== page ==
Let me see…I’ll start with Monday: we took off, stopping first at the local WildFlour Bakery for bread and to tour their garden.  They’re growing hops, which are going to stink up the whole town in the fall.  I know that from Germany.  

We headed straight to The Mystery Spot in Santa Cruz (www.mysteryspot.com/‎).  Smartypants say it’s all an optical illusion, but we campers were pretty awed and puzzled (a common feeling for us).  It’s an area “where the laws of physics do not apply.”  We had to wait for our tour, so we whiled away the time with some rowdy games of golf, with genuine Mystery Spot playing cards.  This was the start of being among mostly foreigners.  Lots of languages other than English being spoken.  Good for us, since we tend to say whatever we thing, especially while playing cards; a happy coincidence when nearby people don’t speak English (or at least not as their mother tongue – they’ll think that they just don’t get the nuances of our witticisms).  We ate nachos, hotdogs and what they called a grilled chicken sandwich (me); they use the term loosely.  Our tour guide was a font of bad puns and jokes.  We loved them.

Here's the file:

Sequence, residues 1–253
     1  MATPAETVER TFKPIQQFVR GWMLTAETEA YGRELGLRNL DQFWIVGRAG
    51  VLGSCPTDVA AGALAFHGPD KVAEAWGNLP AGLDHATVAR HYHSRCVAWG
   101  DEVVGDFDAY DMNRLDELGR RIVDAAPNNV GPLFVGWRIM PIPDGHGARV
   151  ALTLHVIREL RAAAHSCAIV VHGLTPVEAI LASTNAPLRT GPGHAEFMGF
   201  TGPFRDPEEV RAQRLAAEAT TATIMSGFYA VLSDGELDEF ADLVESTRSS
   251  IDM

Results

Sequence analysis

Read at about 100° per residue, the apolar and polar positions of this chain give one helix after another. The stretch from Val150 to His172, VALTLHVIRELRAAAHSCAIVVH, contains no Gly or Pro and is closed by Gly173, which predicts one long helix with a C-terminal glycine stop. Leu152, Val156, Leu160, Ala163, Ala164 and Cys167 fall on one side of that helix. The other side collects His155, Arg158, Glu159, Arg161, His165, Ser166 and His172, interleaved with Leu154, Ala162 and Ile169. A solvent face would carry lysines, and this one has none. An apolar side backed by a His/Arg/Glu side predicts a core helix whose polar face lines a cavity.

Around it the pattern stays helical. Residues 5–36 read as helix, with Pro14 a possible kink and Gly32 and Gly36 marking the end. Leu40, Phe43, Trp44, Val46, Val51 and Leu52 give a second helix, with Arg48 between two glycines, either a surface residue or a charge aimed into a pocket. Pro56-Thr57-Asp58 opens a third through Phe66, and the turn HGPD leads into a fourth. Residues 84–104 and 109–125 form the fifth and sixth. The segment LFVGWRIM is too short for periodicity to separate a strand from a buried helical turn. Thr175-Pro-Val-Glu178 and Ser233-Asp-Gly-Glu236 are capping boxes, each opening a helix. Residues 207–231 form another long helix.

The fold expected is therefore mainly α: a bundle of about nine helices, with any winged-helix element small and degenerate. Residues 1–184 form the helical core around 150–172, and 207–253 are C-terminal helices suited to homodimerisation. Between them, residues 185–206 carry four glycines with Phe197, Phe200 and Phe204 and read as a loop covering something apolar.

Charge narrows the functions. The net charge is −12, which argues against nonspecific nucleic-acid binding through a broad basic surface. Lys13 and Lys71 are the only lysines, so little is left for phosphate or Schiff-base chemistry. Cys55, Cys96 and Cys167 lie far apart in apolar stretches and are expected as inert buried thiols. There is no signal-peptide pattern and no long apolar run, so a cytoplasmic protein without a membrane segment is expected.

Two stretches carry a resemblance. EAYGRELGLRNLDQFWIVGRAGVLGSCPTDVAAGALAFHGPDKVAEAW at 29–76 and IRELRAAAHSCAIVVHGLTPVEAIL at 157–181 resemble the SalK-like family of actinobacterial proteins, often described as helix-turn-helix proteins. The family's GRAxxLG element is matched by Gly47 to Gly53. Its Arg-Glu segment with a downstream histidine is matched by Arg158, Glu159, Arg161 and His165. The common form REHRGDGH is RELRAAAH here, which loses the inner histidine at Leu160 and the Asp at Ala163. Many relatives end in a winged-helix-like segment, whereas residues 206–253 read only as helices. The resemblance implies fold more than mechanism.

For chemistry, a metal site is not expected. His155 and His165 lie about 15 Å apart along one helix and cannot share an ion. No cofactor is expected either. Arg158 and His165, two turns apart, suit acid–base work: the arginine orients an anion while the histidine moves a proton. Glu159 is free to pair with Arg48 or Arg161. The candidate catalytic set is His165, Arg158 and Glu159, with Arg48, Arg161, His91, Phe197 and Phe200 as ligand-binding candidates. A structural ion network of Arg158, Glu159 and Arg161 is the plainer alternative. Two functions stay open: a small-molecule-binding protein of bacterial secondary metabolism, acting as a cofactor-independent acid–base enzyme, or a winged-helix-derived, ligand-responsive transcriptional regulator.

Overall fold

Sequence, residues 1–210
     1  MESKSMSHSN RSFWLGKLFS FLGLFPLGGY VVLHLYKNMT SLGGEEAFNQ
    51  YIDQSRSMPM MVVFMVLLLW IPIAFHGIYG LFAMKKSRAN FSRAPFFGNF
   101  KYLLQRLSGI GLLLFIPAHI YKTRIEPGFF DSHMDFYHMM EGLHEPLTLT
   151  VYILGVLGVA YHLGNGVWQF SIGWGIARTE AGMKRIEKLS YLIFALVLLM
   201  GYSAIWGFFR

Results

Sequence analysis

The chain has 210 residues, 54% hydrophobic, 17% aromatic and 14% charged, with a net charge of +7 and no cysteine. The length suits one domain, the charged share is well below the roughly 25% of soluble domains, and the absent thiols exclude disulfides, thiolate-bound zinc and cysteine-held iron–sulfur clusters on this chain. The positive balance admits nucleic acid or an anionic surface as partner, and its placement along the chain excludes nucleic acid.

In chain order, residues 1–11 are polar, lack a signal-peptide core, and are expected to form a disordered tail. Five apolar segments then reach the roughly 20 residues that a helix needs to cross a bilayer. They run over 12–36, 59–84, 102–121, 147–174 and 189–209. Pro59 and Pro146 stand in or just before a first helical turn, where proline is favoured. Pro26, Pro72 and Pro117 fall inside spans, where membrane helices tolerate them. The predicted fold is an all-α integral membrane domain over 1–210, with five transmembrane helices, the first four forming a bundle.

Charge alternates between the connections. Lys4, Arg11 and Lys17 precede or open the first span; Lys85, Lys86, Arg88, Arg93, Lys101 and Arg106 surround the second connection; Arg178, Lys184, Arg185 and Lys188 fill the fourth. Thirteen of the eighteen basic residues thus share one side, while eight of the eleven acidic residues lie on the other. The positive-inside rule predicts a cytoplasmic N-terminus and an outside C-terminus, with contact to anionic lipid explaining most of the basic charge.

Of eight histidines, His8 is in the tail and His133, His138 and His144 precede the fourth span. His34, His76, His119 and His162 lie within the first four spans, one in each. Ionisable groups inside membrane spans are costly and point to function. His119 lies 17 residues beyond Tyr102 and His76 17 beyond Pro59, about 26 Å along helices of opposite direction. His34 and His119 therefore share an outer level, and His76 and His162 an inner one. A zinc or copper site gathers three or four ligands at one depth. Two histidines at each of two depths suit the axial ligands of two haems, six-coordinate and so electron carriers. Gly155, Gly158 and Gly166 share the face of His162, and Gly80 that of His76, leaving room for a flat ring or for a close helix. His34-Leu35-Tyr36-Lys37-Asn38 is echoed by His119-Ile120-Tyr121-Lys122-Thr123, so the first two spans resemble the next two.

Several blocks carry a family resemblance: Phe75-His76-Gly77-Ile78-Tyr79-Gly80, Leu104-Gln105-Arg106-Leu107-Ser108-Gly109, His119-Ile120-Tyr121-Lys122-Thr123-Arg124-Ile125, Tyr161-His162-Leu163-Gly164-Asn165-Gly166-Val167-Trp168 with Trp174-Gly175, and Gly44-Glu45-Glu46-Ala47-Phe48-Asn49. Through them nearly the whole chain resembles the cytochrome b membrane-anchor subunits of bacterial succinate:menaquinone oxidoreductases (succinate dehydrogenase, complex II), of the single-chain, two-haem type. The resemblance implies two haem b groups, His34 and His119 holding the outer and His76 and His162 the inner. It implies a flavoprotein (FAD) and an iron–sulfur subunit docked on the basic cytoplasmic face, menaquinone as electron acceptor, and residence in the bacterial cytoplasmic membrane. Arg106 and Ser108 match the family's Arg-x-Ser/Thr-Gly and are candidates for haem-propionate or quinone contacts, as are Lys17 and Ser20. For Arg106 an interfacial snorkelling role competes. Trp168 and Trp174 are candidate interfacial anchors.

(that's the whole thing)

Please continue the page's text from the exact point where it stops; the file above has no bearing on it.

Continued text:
Next stop was The Seymour Marine Center, sort of a mini Monterey Bay Aquarium.  We got to touch a swell shark (it swells up to scare/frustrate predators), saw a ginormous blue whale skeleton, and strolled, safely, along the very very edge of the bluffs on Monterey Bay.   The Santa Cruz Beach Boardwalk was waiting for us, so we made our way further down the coast.  AB does her research, so we knew that all rides were $1 after 5.  Oh yeah.  Plus, hotdogs, cotton candy and fountain sodas.  Fat city!  It was a beautiful night, a ticket line opened as we stepped up to the counter, and we were off to the races.  To start, we took the sky ski lift thing, that traverses the whole Boardwalk, so you can get an overview.  The kids talked me into doing the water logjam ride.  “We won’t get that wet.”  Right.  Then the Giant Dipper beckoned, an historic landmark wood roller coaster.  I like new things when my life is involved.  The kids went on first, as I ate way too much kettle corn (full price item), and they swore that it’s not too bad.  So, then we all went on.  I really didn’t enjoy it.  Mich stole the outrageously-priced official ride photo with her IPhone.  She is clever, and somehow I didn’t feel like it was all that wrong.  Loose morals at CAB.  You can see for yourselves, kinda, how much “fun” I had.  

CAB Coaster